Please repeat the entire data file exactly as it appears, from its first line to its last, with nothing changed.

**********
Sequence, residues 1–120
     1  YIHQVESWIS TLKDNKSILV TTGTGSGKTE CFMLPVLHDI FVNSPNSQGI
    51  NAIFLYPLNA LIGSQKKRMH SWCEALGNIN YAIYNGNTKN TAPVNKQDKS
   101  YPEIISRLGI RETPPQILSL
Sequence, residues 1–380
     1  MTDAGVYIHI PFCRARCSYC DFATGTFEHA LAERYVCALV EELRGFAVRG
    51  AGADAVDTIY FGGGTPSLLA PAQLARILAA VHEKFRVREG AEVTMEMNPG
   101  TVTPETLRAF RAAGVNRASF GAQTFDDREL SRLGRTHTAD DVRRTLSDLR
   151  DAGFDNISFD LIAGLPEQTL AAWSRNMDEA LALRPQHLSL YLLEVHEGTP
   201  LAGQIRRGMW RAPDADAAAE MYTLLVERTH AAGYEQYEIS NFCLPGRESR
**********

Sequence, residues 1–120
     1  YIHQVESWIS TLKDNKSILV TTGTGSGKTE CFMLPVLHDI FVNSPNSQGI
    51  NAIFLYPLNA LIGSQKKRMH SWCEALGNIN YAIYNGNTKN TAPVNKQDKS
   101  YPEIISRLGI RETPPQILSL
Sequence, residues 1–380
     1  MTDAGVYIHI PFCRARCSYC DFATGTFEHA LAERYVCALV EELRGFAVRG
    51  AGADAVDTIY FGGGTPSLLA PAQLARILAA VHEKFRVREG AEVTMEMNPG
   101  TVTPETLRAF RAAGVNRASF GAQTFDDREL SRLGRTHTAD DVRRTLSDLR
   151  DAGFDNISFD LIAGLPEQTL AAWSRNMDEA LALRPQHLSL YLLEVHEGTP
   201  LAGQIRRGMW RAPDADAAAE MYTLLVERTH AAGYEQYEIS NFCLPGRESR